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Optimistic Sainsbury's lifts its profits outlook after sales turnaround steadies the ship

By Staff Reporter

Published 01/10/2015

File photo dated 16/01/2006 of trolleys outside a Sainsbury's store in south London. The recovery of the supermarket chain exceeded expectations after the group posted its fifth quarter of sales growth in a row, Wednesday March 29, 2006.
File photo dated 16/01/2006 of trolleys outside a Sainsbury's store in south London. The recovery of the supermarket chain exceeded expectations after the group posted its fifth quarter of sales growth in a row, Wednesday March 29, 2006.

Supermarket chain Sainsbury's increased its profits forecast yesterday after sales shot up across the UK.

The retailer, which operates 13 stores across Northern Ireland, delivered some welcome news for the under-pressure supermarket sector as it increased its outlook for the year following narrowing falls in sales.

According to an update from Sainsbury's yesterday, the chain saw a 1.1% drop in like-for-like second-quarter sales, excluding fuel - its seventh quarter of falling sales in a row.

But the decline was better than the 2.1% fall seen during the previous three months, and Sainsbury's said it had seen the number of sales and transactions rise.

It added that lower average basket spends in had continued to stabilise.

The group now expects full-year profits to be moderately ahead of the £548m expected in the City, although this is still a sharp fall from the £681m reported the previous year. Adding to the problem, a study released earlier this week showed the rise of Lidl was hampering Sainsbury's performance here.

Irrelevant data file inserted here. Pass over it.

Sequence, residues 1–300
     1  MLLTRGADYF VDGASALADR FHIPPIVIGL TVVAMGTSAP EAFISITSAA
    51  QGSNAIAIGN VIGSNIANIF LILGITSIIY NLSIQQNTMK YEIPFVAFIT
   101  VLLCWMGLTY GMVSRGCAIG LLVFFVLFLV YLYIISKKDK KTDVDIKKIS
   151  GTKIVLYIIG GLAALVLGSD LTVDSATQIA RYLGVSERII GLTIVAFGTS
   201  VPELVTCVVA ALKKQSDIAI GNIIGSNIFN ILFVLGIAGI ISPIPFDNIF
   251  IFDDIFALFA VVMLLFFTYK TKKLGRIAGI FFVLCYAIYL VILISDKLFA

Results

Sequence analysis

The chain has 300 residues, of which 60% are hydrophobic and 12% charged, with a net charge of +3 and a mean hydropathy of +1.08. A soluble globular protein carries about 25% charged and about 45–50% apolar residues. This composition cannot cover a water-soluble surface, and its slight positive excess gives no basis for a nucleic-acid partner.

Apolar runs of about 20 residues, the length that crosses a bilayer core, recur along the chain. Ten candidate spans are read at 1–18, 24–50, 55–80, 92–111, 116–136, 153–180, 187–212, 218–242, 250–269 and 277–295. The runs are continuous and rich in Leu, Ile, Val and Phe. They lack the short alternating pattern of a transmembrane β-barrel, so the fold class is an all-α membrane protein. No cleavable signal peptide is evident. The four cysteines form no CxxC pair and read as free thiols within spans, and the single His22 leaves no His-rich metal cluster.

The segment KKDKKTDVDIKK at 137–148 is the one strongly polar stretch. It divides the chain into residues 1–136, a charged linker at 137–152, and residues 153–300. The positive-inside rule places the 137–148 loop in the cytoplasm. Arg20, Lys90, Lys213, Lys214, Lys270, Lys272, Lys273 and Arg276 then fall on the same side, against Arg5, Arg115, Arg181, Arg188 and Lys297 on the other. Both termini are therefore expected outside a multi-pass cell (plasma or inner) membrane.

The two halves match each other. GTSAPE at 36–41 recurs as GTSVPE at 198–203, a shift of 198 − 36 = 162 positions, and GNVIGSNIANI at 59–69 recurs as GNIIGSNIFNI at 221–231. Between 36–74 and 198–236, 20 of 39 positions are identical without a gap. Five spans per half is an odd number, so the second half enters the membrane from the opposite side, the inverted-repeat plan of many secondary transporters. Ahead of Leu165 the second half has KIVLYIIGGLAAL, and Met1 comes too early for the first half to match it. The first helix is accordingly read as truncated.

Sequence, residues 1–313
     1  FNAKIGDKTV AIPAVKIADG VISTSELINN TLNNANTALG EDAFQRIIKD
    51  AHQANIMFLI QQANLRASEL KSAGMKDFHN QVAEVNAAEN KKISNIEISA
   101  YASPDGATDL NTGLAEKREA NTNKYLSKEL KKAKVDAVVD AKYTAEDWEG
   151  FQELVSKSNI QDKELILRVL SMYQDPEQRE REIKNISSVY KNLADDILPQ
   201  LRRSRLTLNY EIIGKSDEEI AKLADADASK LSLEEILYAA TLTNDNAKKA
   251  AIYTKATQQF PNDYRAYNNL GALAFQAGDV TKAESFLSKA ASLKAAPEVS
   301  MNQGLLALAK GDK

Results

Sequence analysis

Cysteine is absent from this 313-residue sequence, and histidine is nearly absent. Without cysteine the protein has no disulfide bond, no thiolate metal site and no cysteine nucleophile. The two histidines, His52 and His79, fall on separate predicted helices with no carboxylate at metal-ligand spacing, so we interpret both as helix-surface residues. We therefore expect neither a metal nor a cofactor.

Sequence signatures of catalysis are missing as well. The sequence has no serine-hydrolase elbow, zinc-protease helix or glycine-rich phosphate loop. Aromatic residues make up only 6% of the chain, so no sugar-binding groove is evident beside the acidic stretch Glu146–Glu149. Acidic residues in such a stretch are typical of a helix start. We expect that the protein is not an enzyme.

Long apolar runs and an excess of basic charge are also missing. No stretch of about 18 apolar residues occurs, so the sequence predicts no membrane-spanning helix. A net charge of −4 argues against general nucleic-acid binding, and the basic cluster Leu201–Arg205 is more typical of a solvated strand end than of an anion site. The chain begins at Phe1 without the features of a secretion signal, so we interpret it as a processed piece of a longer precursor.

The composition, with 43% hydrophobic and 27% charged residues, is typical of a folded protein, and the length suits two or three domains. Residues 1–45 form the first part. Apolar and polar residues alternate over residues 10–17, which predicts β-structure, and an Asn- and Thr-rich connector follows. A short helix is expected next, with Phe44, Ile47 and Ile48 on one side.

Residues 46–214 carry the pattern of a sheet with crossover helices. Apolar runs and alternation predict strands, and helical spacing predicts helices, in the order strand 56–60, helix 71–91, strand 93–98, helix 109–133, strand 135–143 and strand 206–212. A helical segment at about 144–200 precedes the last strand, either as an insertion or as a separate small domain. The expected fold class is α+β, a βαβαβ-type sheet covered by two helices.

According to the latest figures from Kantar Worldpanel, Sainsbury's saw customer sales in Northern Ireland drop by 2.8% in the year to September 13. Tesco, meanwhile, suffered a 1.2% fall during the same period.

The Big Four supermarkets have been squeezed amid a fierce price war as they fight back against the increasing popularity of discounters.

But Sainsbury's said it was buoyed by its turnaround programme of price cuts and promotions, with better-than-expected sales and cost savings during the second quarter of the year. Mike Coupe, chief executive of Sainsbury's, added: "While the market is clearly still challenging, with food deflation impacting many categories, we are making good progress on delivering our strategy."

Shares in the supermarket leapt as much as 14% higher after the profits upgrade and better-than-expected second-quarter sales performance.

Sainsbury's said its total sales had edged 0.3% higher in the 16 weeks to September 26, with volumes also around 1% higher.

The form posted a 4% rise in sales by volume of its premium Taste The Difference range and said it was seeing the benefits of its plan to improve more than 3,000 own-brand products.

Mr Coupe, who took over from long-standing predecessor Justin King last July, unveiled a wide-ranging plan to fight back in November, which included price cuts to 1,100 items and an overhaul of its own brand.

But he said in the group's latest update that the market would remain challenging, with no respite from the damaging food price inflation that has hit the sector in recent years until at least the early part of next year or beyond.

Richard Hunter, head of equities at Hargreaves Lansdown Stockbrokers, said that, despite the supermarket chain's bullish update, "the size of the task ahead remains evident".

"Quite apart from the ferocity of the competition, Sainsbury's is up against food deflation, changing consumer trends and margin pressure," he added.

But analysts at Bernstein said the update suggested a "more benign trading environment", and Kantar Worldpanel added that Sainsbury's was the only one of the major players to hold its market share steady, at 16.2%, in the 12 weeks to September 13.

Belfast Telegraph

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